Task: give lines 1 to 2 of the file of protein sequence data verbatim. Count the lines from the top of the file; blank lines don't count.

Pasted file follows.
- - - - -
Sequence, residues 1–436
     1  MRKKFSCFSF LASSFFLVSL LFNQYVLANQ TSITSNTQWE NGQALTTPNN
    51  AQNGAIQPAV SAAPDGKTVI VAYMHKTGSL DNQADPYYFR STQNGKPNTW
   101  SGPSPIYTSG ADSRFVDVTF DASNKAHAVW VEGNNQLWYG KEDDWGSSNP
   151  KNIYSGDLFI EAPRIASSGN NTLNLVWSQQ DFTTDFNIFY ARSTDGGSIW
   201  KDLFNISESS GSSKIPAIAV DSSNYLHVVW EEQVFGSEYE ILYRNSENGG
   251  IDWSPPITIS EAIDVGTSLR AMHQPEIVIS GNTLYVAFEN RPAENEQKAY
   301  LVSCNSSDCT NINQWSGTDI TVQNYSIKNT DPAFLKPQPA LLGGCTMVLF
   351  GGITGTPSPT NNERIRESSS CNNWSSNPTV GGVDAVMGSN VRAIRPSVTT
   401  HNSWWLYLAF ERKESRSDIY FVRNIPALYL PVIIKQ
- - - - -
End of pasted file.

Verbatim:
Sequence, residues 1–436
     1  MRKKFSCFSF LASSFFLVSL LFNQYVLANQ TSITSNTQWE NGQALTTPNN